American Red Cross (ARC) – Conducted a massive response and sheltering effort in New Jersey beginning Aug. 26. Evacuations along the coastline began before Hurricane Irene made landfall. Sheltering needs continued during and after the storm as floodwaters inundated communities throughout the state. There were 66 New Jersey shelters open or on standby to open at the height of the storm. They operated shelters while more than 740 workers and dozens of response vehicles fanned out in affected communities to serve meals and distribute relief supplies. The Red Cross provided more than 19,680 overnight stays, served more than 300,900 meals and snacks, provided more than 5,100 health service consultations and more than 4,675 mental health contacts. They distributed approximately 18,200 clean up kits, 4,500 comfort kits, and more than 45,450 relief items such as hygiene kits, mops, brooms, tarps, work gloves, shovels, rakes and trash bags.
NJ 2-1-1 – Received calls from individuals looking for information on disaster relief resources. NJ 2-1-1 hosts a resource guide that provides information on federal, state and local programs as well as resources available through all other organizations. These resources are updated on a daily basis. During disasters, NJ 2-1-1 takes all calls from households seeking help with cleanup after flooding. NJ 2-1-1 helps coordinate matching these households with groups working in the state. www.nj211.org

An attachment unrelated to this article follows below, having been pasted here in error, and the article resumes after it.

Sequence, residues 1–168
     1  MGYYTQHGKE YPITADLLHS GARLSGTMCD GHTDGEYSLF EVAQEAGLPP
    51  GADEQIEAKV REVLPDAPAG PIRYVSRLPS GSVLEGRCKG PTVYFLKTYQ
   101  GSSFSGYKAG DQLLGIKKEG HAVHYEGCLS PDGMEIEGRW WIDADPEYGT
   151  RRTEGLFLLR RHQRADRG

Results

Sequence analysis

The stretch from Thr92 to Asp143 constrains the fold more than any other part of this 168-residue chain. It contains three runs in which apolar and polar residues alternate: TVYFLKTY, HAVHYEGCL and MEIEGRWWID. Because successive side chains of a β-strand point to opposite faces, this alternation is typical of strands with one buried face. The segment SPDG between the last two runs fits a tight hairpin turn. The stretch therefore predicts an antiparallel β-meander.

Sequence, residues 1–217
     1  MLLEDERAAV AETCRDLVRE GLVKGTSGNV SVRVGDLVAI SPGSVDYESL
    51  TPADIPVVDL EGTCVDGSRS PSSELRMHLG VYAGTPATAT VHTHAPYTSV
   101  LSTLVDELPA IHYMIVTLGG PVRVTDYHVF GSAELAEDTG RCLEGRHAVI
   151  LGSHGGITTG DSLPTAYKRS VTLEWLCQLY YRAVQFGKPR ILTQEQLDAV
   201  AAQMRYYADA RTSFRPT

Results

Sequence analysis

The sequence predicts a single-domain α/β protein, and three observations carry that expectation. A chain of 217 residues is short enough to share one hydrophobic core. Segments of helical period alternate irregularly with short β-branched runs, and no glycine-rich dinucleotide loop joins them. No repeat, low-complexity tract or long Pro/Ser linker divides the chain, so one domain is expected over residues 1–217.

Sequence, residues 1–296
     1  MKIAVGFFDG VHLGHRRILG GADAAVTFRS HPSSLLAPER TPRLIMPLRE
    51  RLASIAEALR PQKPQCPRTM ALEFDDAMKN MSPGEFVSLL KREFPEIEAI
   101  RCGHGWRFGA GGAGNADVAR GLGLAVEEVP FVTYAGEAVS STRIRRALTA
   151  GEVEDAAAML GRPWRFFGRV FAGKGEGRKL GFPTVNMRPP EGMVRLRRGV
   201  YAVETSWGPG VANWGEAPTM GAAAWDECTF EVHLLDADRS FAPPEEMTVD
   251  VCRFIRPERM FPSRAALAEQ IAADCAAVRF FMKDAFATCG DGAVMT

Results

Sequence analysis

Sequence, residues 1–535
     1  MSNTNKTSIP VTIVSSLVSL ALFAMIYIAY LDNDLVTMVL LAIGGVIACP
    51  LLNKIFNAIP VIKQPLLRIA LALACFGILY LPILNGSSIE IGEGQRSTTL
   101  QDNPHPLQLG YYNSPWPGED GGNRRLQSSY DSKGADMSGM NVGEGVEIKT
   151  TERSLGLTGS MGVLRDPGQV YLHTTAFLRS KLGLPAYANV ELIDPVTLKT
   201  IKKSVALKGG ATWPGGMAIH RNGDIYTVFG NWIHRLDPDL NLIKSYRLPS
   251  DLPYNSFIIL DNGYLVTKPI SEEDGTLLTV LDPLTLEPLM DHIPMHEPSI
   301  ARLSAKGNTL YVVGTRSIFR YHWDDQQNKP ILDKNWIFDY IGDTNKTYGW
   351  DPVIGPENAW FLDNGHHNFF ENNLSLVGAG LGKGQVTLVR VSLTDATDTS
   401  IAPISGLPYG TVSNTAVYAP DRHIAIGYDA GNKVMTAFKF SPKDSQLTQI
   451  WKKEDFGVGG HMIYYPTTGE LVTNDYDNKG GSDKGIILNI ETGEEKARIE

Catholic Family & Community Services – Offered immediate assistance with food, clothing and referrals for other resources to survivors from Passaic, Morris, Sussex and surrounding counties. They also offered long-term disaster case management to help in the recovery process. The Paterson office has counseled 203 families needing assistance since Hurricane Irene. www.catholicharities.org
The Salvation Army – Started its response as households were being evacuated the week before Hurricane Irene’s arrival. Since then, assistance has been in the form of 47,527 meals, 79,427 snacks and hydration, and 3,268 clean up kits. The Salvation Army will next be focused on long-term recovery needs. www.salvationarmynewjersey.org
Community FoodBank of New Jersey – Prepared and distributed more than 33,800 meals, snacks and water to shelters and mobile canteens; received and transported water provided by the state to shelters and townships; received more than 15 trailer loads and distributed more than 100 orders of cleaning supplies, food, toiletries and new clothing to organizations serving those in flood areas.